• stream_time is a duration of a session prior to the moment when the request was sent

With these two sections, your per-session handler can make decisions about the ads content to be shown to your viewers.

Here's what per-session handler is expected to return to Nimble Advertizer.


4. Getting response from session handler


Take a look at response example below.

{
  "rules":
  [
    {
      "time_offset": 0,
      "time_sync": "stream",
      "type": "session",
      "id": 101,
      "contents": [{"id": ["1", "2", "3", "4"]}]
    }
  ],
  "rules_response":
  [
    {
      "rules": [101],
      "session": 5,
      "request_interval": 10
    }
  ]
}

You may also find it in Advertizer github.

Per-session handler response has two sections.

rules section defines rules for ads insertion which will be applied to sessions from rules_response section. The grammar for this section is the same as for main handler response describe in Advertizer spec. The only difference is that "type" element must always be "session".

These rules are also appended to the rules from the main handler response, so you may combine both per-session and default approaches to ads insertion. If there are per-session and main handler rules with the same rule ID, then session rule will be applied as it has priority.

rules_response section describes which ads insertion rules need to be applied to a particular session.

  • rules is the list of ads rules to be applied.
  • session is the ID of the session where rules are applied
  • request_interval defines how often after that Nimble Advertizer needs to request rules for this session.

The rules from response will be applied to current session once it's received by Advertizer. Some delay is possible in case of HLS just because of chunks download time and player reaction.



If you have any questions about Advertizer or per-session ads insertion, let us know.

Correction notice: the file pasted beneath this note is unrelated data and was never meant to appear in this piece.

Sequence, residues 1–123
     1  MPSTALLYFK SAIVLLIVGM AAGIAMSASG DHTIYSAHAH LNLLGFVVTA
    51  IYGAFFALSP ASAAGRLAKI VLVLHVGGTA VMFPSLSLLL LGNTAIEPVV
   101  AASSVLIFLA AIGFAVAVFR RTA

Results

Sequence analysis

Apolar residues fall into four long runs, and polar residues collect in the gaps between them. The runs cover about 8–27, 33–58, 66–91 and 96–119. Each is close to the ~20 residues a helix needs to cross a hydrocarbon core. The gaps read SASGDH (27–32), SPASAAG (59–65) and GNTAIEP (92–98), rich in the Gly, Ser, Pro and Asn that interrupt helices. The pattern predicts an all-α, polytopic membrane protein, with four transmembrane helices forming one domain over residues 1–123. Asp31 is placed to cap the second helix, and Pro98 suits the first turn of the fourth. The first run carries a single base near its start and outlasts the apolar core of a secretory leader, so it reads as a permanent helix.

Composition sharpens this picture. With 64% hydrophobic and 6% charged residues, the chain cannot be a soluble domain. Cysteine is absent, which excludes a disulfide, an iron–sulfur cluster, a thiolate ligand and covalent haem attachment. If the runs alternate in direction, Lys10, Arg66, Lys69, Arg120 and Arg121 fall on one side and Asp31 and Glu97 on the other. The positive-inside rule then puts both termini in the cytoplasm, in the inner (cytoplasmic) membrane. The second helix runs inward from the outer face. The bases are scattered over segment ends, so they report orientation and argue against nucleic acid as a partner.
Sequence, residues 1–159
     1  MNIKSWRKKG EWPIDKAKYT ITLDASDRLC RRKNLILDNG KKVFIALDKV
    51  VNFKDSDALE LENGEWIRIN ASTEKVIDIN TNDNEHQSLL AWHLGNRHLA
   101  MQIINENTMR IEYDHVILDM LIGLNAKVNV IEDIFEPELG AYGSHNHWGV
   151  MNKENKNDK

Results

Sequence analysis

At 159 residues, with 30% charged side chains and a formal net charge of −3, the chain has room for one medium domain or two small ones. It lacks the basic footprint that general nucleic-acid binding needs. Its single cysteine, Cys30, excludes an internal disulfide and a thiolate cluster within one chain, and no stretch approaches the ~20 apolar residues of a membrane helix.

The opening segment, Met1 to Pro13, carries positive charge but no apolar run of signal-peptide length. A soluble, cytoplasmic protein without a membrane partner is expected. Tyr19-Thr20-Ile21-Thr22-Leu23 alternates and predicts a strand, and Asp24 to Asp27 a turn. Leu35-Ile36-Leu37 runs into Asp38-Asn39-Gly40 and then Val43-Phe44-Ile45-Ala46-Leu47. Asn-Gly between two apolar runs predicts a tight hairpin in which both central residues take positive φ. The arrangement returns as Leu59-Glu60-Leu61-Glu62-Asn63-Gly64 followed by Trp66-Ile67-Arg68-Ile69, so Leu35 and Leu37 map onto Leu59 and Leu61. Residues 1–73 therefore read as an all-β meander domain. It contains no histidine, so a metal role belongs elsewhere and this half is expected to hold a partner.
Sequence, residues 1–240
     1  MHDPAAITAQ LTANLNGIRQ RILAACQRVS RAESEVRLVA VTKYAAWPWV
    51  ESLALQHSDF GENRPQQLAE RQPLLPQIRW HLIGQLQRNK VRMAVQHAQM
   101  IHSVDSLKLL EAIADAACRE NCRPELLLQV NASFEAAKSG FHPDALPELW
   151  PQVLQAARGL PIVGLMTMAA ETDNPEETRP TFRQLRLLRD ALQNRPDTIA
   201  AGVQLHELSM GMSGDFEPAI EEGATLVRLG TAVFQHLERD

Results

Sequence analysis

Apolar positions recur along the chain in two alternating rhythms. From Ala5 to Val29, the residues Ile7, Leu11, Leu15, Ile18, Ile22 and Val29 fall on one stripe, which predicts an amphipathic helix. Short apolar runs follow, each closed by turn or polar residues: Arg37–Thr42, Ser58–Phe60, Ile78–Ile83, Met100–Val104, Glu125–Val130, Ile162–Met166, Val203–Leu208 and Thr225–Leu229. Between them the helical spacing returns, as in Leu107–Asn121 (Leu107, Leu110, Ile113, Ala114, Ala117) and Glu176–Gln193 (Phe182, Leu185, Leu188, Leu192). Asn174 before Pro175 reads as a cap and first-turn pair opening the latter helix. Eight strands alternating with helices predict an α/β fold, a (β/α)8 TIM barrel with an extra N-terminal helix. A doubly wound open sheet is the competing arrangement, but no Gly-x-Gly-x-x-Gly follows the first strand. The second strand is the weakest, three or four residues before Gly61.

Related documentation

Nimble AdvertizerNimble Advertizer spec, github repo for Advertizer,

March 30, 2021

Q1 2021 news: Cloud backups, Advertizer, Talkback, tutorials and more

Softvelum team kept working on products' improvements during Q1 of 2021 so let's see what we've got.


WMSPanel cloud service is the best way to control Nimble Streamer as it provides web UI for operating the vast majority of its features. Nimble settings are defined in the panel and synced up with Nimble instance.

Our customers always needed some way to back up their server settings, so in Q1 we introduced Nimble Cloud Backup. With cloud backups you can save streaming configs of your Nimble Streamer instances into distributed cloud database to improve redundancy. You can do it manually or automatically. If a customer needs to get back to some version of their cloud backup, he or she can restore it within WMSPanel account as a new server instance. After a backup is restored, a customer can initiate respective server instance to obtain these settings from WMSPanel, thus make new server to move into previous state. Learn more about Cloud Backups and try it in action.


Nimble Streamer Advertizer now has VOD server-side ads insertion. At the moment, HLS output with MPEG-TS and fMP4 containers is supported. Take a look at VOD SSAI overview article and also read tech spec page for full details.

We are working on other improvements for server-side ads insertion so stay tuned for updates.


SLDP protocol is actively used by our customers to provide low latency playback, especially after Flash has been officially abandoned and has put RTMP playback at denial. One of the use cases that our customers have discovered is browser-based videowall.

So we've made mosaic videowall demo page which allows playing 4 streams simultaneously. You can make your own mosaic using reference simplified version on our github. You may change it accordingly to make as many players as you need.